- Chinese university students receive infinite quarantine.
- Shops inside universities raise their prices.
- Students become creative about their free time.
Covid-19 continues to be rampant in many countries, except where it broke out first: China. According to the latest statistics, on September 18, there were only 18 new confirmed patients, all travelers from other countries. Even so, the Chinese government is extremely careful with these imported cases. On September 13, in Ruili, two illegal travelers from Myanmar were reported to be infected. The next day, the local government quarantined the entire city and started to carry out massive PCR testing. In just three days, they’ve already completed 95,362 tests (all negative), and more underway.
Even though it seems that right now China has the Covid-19 under control, not all social and economic activities have been normalized, for example, at the universities.
Since the end of August, after several months at home, university students started to go back to college. Instead of a long-time-no-see welcome back, they were immediately put in an infinite quarantine, not the usual 14-day type.
They took to social media to express their disagreement and indignation. According to numerous posts on Weibo, the quarantine makes no sense because it only targets the students. Working staff and, in some universities, even external people can enter and leave the college as they want, while students need to strictly follow the rules. Also, since couriers are not allowed to enter the college, long lines or simply chaotic messes are formed everyday near the gate for receiving packages.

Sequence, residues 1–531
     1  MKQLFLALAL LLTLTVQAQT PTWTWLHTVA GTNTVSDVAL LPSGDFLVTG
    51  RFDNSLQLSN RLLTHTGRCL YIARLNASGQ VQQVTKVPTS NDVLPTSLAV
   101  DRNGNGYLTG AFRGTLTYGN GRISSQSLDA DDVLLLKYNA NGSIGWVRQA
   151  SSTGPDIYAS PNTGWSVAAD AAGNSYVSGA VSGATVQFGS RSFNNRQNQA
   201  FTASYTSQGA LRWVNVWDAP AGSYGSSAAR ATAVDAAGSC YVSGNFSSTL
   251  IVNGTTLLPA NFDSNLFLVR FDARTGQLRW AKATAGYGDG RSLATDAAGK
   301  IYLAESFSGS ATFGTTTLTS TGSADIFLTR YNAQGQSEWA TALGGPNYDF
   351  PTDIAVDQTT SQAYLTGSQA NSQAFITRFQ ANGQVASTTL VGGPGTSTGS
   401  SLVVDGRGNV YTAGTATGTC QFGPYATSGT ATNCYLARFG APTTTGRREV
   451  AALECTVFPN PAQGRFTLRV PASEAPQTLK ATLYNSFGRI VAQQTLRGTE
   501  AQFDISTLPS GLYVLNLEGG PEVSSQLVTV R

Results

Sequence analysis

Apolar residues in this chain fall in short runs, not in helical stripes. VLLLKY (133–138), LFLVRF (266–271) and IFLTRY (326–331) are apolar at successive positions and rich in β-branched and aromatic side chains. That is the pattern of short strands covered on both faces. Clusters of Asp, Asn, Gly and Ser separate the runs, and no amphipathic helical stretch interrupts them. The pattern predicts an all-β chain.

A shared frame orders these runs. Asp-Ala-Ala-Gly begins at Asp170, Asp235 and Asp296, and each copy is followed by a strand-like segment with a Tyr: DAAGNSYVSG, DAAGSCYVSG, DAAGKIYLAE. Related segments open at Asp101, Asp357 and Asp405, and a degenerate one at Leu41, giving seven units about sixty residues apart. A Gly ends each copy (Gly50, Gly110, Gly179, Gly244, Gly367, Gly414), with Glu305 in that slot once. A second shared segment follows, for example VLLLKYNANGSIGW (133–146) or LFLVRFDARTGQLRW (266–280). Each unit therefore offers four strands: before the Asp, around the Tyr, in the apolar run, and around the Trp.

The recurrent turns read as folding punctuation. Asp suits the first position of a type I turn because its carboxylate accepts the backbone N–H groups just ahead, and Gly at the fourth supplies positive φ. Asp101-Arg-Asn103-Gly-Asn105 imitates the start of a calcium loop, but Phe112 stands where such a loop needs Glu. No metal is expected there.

Some universities explain that it’s because the students live together in a dormitory, which means a higher risk in case of an outbreak. Other posts state that they are fine with the quarantine itself, but they can’t tolerate the fact that many shops and restaurants inside the colleges have chosen to raise their prices during this period. Whether it’s due to higher cost or not, some are afraid that this would become a burden for students from less fortunate families.
Bored and energetic, students have started to become creative with their free time. They organize public dances every night on the playground and shoot funny videos using TikTok. Some with an anarchist heart escape the college through holes or over low walls. Wuhan Sports University is surrounded by rivers, which encourages some students to sneak out by boat.
Over by the steel fences, students hold their lover’s hands and hug each other through bars.
Jiangxi Provincial Department of Education announced on September 17 that all universities in Jiangxi must open their doors for the students, the first province to do so. One day later, the Ministry of Education of the PRC also suggested universities nationwide to be reasonable when it comes to quarantining students, allowing them to leave when justified.
It looks like after weeks of whining online, the students’ voices have finally been heard.
This year, the Mid-Autumn Festival overlaps with the National Day of China, which legally means an 8-day holiday. Many universities have announced before that they would cut it to three or even just one day. Students remain hopeful for a change in the decision after the new announcement by the Ministry of Education.